Gabriella

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Also, timing of the breeding. It has been the opinion of some vets, that the PH changes as the length of the cycle... so early in the heat the ph is more acidic which is supposed to favor the male carrying sperm... and the later in the heat it becomes more alkaline which is supposed to favor the female carrying sperm. Or vice versa... I can't remember which... Breeding at the beginning of the heat favors the male carrying sperm to reach the egg, and later favors the female carrying sperm... People have tried all sorts of different things to get the desired sex of the off spring. Now we have already sexed semen in cattle, so you have a much better chance of getting the sex you want... but it is not 100% guaranteed. We have certain drugs we can give to cause multiple eggs to reach maturation and get released at the same time...
Case in point. I had a cow that I desperately wanted a heifer calf out of. Used female sexed semen on her. Several different years..... In the sexed semen there is a great percentage of the sperm carrying the sex you want but not every single one... they say 90-95% accurate. She had a bull calf everytime......the only heifer calf she ever had was by an accidental breeding by the farmers bull (she was on a dairy farm) and it was the day after he had seen her heat and did not breed her.... it was really too soon after she had calved... not 40 days yet.....and the next morning the bull had gotten into the field with the milking cows....so she got bred late in her heat cycle....
Luck of the dra

Why only 2 weeks? If they did not catch, he was not in there long enough to maybe catch the next heat. I am talking the timing during the heat cycle which lasts 6-30 hours for most animals... then they come back in heat in an average of 21 days, but can be from 18-24... I think you need to find a good book and read up on all the phases of goats... and learn about their "cycles" ... heats, breeding, days between cycles, the role the ovaries and the hormones play in breeding and such....the length of gestation, kidding, and all that. The buck being in for 2 weeks will have no bearing on bucks or does being born....

We run our bulls in with the cows for a MINIMUM of 45 days, usually 65-90 days.....
Day one, put the bull in... cows start coming in heat....cow number 1 came in heat the first day, cow 10 the 5th day, cow 20 on the 15th day, cow #2 came in heat on the 20th day because she had just gone out of heat the day BEFORE we put the bull in. So the bull stays in there for at least another full 21 day cycle... in case cow #2 did not catch on day 20 and comes back in heat on day 41......and we have cow #8 that is on a 23 day cycle, so she doesn't come in heat until day 23 and then again on day 46 if she doesn't settle to the first breeding...


I suggest you do some internet research... LSU has a good couple of pages on photo estrus cycles in sheep and goats.... there is lots of info out there if you look it up.
Since I don't have a buck on my farm, bringing a buck in induces estrus. The 3 girls I bred all stood within 15 days and all 3 settled and are confirmed via ultrasound. I only kept him on the grounds for 1 heat because of when their due dates would fall if he stayed any later (I'm in Western NY and it gets VERY cold here.) If they hadn't settled, I would've brought him back in November for 2 cycles to plan for spring babies. My point of him being brought in, was since that induces estrus in does that are not within 2 miles of a buck regularly, he would've brought them into heat, therefore, would've likely bred them at the very first possible moment that they would stand, making it early in their cycle. So, if there is validity to a higher likelihood earlier in the cycle, then I'll statistically be more likely to have boys.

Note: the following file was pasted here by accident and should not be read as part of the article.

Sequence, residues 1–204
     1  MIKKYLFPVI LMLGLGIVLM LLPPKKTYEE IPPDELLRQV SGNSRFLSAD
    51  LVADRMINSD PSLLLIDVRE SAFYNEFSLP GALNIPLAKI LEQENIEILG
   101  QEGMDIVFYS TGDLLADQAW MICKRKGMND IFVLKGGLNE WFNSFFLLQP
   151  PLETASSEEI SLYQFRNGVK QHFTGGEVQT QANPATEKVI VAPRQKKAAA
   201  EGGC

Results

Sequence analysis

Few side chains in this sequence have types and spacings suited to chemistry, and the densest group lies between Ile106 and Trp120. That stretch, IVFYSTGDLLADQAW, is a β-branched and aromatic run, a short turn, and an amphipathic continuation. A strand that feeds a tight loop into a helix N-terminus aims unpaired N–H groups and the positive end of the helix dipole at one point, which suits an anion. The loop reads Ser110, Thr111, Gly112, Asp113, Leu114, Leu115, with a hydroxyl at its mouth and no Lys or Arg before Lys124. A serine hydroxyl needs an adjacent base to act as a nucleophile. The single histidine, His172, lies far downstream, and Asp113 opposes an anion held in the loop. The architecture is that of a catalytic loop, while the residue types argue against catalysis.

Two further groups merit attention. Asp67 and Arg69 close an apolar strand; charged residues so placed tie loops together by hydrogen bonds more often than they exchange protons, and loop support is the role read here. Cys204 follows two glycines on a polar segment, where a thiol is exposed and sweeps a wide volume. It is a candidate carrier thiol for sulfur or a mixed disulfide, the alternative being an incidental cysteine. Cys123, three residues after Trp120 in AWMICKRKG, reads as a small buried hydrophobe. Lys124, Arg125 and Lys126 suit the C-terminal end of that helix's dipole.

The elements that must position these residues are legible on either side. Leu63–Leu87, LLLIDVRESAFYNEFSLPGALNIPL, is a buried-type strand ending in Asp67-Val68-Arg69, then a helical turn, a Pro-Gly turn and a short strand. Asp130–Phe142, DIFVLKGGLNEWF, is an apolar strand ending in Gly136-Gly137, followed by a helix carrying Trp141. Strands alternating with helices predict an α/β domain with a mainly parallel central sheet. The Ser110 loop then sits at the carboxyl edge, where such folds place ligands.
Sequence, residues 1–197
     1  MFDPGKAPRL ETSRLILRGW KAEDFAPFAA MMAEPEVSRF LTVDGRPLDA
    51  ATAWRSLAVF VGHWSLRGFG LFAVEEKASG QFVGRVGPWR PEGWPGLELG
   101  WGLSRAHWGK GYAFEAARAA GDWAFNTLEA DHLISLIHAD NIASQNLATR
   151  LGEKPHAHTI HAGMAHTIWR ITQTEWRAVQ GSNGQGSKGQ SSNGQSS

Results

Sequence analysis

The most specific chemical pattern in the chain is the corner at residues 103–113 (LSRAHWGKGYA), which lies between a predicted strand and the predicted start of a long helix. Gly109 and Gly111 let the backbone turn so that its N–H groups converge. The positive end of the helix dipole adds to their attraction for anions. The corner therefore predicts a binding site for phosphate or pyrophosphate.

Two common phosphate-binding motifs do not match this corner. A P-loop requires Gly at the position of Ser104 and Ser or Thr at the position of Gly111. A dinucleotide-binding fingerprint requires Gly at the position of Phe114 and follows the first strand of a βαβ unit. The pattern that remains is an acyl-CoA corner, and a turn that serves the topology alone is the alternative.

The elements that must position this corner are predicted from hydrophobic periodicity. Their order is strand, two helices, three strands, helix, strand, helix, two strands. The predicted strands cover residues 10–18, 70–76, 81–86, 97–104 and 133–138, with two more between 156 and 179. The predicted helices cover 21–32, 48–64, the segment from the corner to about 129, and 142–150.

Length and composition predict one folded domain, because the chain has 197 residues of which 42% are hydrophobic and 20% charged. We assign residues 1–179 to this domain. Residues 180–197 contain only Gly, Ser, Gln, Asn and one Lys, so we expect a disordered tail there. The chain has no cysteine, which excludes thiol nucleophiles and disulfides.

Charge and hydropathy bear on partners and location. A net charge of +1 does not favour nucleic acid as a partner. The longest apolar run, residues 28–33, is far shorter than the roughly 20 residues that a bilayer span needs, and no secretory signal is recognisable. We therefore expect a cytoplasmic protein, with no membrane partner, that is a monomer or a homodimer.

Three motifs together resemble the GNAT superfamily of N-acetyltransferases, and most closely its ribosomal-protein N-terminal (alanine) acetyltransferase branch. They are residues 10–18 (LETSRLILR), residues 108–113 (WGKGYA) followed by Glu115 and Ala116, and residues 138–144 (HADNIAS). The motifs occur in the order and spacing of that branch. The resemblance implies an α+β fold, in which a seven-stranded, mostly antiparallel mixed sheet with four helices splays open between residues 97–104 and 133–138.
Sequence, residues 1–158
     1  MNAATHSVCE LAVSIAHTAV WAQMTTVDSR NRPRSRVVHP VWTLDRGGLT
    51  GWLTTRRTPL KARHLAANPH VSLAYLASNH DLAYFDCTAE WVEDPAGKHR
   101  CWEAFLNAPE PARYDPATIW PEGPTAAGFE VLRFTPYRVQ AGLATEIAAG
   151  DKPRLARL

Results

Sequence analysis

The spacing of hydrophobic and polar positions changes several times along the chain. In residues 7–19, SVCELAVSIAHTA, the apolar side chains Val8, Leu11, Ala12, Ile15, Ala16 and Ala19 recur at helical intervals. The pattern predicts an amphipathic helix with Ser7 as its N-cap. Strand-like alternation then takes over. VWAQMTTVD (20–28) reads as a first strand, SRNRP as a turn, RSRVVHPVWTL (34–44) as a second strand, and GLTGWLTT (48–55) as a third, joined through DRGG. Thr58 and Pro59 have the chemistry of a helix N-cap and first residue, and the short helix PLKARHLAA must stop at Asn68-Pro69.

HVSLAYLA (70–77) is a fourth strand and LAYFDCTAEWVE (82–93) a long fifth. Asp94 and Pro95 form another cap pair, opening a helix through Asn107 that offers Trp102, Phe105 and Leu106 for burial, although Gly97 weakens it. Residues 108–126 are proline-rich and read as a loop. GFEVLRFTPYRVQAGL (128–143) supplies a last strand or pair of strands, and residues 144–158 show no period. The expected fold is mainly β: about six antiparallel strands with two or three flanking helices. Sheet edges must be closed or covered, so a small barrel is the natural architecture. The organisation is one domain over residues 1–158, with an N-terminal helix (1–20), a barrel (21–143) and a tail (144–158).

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farmerjan

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Since I don't have a buck on my farm, bringing a buck in induces estrus. The 3 girls I bred all stood within 15 days and all 3 settled and are confirmed via ultrasound. I only kept him on the grounds for 1 heat because of when their due dates would fall if he stayed any later (I'm in Western NY and it gets VERY cold here.) If they hadn't settled, I would've brought him back in November for 2 cycles to plan for spring babies. My point of him being brought in, was since that induces estrus in does that are not within 2 miles of a buck regularly, he would've brought them into heat, therefore, would've likely bred them at the very first possible moment that they would stand, making it early in their cycle. So, if there is validity to a higher likelihood earlier in the cycle, then I'll statistically be more likely to have boys.
Okay, I see where you are coming from. Glad you have a vet that can do ultrasound on the goats... many can't. We do both ultrasound and some palpation on our cattle for preg checks. They can only tell sex during a short window on the preg checks and we usually check long after that window when we bring cattle home from pasture for the winter. The cows come in heat with or without a bull around...
Hope that the "prediction" of early breeding does not fall true and you get some doe kids instead of buck kids !!!!
 

Gabriella

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Okay, I see where you are coming from. Glad you have a vet that can do ultrasound on the goats... many can't. We do both ultrasound and some palpation on our cattle for preg checks. They can only tell sex during a short window on the preg checks and we usually check long after that window when we bring cattle home from pasture for the winter. The cows come in heat with or without a bull around...
Hope that the "prediction" of early breeding does not fall true and you get some doe kids instead of buck kids !!!!
With the goats we waited a little bit which was cool to see the gender but unfortunately, they were not able to see behind the 1st baby to check for multiples... next time I think I'll go earlier. I'd rather have a count than genders I think. Either way, my family is so looking forward to this kidding season!!!!! 🥰
 

Gabriella

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She is 90 days along and had twins her last kidding.
20210911_162459.jpg